Power manager 30 accepts end user preferences for the reduced power states through a power management interface 32. The ACPI standard permits user-defined inactivity periods at which transitions between reduced power states are initiated. For example, after 15 minutes of inactivity power manager 30 initiates the S3 standby state and after 30 minutes of inactivity power manager 30 initiates the S4 hibernate state. In order to reduce the resume time experienced by end users from the powered down states, power manager 30 determines the reduced power state to command based not only on inactivity but also on fast resume preferences of the end user that take into account the likelihood that the end user will initiate a resume during predetermined time periods. For example, a power usage table 34 defines fast resume time periods on a daily and weekly basis in which power manger 30 is limited in performing transitions to the S4 mode, such as during office hours and during the work week. During the fast resume time periods, user inactivity initiates the S3 reduced power state according to the ACPI inactivity preferences but does not initiate the S4 reduced power state unless limited circumstances arise, such as a drained battery. By enforcing the S3 reduced power state instead of the S4 reduced power state, the resume time upon detection of user activity is reduced since a resume from RAM 16 takes less time than a resume from hard disk drive 18. Outside of the fast resume time periods, such after work hours or on weekends, the ACPI inactivity preferences are enforced so that transition to the S4 reduced power state is permitted after the defined user inactivity time period occurs.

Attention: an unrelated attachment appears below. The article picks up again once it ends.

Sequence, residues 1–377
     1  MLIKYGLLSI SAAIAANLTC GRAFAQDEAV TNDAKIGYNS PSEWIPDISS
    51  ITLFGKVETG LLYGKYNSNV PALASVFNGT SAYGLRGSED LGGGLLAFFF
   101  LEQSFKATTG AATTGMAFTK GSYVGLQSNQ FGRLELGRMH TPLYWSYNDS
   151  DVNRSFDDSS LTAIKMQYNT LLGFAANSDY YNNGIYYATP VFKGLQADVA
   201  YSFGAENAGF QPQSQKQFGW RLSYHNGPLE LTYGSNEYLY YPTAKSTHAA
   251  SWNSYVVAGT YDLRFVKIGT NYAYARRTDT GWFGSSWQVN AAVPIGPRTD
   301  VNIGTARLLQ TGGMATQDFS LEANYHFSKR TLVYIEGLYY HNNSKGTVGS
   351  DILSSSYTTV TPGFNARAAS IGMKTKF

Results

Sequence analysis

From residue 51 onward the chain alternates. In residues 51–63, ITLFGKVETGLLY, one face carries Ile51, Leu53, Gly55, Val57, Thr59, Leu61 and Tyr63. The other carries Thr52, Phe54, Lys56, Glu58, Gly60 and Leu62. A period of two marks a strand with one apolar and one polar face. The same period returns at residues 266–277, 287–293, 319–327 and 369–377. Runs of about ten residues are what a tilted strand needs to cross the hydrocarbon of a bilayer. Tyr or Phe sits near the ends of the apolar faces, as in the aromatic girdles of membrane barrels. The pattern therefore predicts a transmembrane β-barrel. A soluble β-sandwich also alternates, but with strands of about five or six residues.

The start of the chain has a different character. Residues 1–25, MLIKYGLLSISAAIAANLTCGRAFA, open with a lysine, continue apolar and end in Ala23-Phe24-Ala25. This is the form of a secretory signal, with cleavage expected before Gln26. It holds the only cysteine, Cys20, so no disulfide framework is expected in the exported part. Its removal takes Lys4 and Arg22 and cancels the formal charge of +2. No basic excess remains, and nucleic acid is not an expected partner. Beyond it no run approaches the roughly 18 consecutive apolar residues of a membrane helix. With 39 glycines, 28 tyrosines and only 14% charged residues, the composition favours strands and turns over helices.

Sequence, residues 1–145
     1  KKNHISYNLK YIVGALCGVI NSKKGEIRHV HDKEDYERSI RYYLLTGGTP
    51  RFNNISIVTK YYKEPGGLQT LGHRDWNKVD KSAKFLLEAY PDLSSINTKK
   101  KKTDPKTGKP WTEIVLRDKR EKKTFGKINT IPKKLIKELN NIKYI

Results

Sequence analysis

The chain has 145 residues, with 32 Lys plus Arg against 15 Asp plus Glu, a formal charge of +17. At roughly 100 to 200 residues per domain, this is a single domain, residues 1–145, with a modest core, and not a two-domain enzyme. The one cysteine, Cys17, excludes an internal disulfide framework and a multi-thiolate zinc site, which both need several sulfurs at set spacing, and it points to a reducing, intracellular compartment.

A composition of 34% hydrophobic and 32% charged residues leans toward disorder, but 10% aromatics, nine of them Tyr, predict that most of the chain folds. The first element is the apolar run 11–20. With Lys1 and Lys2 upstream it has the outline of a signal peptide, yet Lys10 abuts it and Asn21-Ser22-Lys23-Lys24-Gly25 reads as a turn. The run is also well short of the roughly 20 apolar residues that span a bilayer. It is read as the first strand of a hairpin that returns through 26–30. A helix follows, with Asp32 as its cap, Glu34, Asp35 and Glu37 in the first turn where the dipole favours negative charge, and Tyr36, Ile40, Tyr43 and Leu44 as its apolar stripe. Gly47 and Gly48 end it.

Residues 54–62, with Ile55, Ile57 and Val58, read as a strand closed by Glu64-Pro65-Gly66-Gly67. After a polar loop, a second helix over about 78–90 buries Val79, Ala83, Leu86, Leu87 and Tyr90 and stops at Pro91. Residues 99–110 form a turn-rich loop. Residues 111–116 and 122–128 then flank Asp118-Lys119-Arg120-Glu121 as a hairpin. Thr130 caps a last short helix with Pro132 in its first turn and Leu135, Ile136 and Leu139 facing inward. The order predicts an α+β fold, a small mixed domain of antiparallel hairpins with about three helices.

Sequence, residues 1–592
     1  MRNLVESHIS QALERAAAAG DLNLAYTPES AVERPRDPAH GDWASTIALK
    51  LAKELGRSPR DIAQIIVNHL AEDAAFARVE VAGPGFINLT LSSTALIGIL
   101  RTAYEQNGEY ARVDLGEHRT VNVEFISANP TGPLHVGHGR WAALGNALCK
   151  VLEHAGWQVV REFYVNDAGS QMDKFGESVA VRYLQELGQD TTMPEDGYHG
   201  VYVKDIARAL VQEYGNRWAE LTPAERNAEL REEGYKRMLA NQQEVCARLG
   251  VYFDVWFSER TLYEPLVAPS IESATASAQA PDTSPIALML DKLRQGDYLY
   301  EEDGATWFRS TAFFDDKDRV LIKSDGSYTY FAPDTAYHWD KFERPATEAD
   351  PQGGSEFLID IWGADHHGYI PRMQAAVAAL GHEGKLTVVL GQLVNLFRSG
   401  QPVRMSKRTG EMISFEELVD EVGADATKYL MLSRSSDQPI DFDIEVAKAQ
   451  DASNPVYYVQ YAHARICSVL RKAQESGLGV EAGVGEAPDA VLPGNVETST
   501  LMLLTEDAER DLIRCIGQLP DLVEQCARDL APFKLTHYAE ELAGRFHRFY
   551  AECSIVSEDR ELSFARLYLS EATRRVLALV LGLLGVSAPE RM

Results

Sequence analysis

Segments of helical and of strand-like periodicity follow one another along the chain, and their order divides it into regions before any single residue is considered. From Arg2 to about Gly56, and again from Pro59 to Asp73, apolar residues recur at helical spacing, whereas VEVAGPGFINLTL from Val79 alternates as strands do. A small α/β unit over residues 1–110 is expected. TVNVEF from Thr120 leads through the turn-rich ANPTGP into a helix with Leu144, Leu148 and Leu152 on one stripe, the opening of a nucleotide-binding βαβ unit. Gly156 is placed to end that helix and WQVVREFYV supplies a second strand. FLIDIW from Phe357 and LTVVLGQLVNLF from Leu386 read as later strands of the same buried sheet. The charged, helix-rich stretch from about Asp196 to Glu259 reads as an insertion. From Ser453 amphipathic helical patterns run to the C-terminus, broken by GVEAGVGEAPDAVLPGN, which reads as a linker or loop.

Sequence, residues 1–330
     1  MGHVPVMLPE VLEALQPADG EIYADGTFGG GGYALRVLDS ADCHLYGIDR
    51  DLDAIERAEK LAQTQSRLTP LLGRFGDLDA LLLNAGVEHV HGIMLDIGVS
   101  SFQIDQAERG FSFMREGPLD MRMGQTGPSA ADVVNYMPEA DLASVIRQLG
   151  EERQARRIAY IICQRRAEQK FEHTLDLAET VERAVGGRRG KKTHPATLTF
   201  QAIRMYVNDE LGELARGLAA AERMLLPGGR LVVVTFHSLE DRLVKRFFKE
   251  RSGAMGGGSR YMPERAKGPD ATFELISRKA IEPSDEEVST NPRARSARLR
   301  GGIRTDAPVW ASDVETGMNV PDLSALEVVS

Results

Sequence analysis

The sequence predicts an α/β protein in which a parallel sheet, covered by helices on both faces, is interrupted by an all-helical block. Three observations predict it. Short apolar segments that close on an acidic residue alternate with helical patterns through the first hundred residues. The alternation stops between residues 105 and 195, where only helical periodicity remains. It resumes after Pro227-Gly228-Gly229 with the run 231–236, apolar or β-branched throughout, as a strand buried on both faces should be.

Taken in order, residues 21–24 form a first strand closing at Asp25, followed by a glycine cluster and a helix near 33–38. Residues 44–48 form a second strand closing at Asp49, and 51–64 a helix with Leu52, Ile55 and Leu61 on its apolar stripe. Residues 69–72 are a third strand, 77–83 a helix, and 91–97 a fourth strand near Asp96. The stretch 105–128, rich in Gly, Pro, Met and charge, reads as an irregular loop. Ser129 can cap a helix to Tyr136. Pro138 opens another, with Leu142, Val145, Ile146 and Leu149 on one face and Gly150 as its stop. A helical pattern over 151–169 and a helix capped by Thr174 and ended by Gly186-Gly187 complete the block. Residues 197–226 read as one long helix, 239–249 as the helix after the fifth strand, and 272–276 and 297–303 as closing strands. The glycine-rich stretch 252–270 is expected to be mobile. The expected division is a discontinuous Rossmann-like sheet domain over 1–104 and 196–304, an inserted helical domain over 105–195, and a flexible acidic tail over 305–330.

Referring now to FIG. 2, a power management interface 32 to accept user fast resume preferences is depicted. A fast resume preferences table 36 populates power usage table 34 with fast resume time period preferences input by an end user. During the fast resume time periods, transitions to the S4 hibernate state are overridden so that information handling system 10 instead transitions to the S3 standby state. Transition to the S4 state is limited to defined situations, such as where internal battery power is depleted. As an alternative or in addition to inputting defined fast resume preferences, the end user can enable automated rapid resume determinations by a power usage modeler 38. Power usage modeler 38 monitors end user activity at the information handling system 10 to model time periods during which end user resumption of activity from a reduced power state has a greater likelihood and populates the modeled time periods in power usage table 34. For example, a percent weight is applied to the monitored time of day and time of week having end user activity to predict the time periods in which an end user has a predetermined likelihood of resuming activity and those time of day and time of week periods are automatically populated to power usage table 34 so that the fast resume preferences of the end user automatically adapt to end user activity.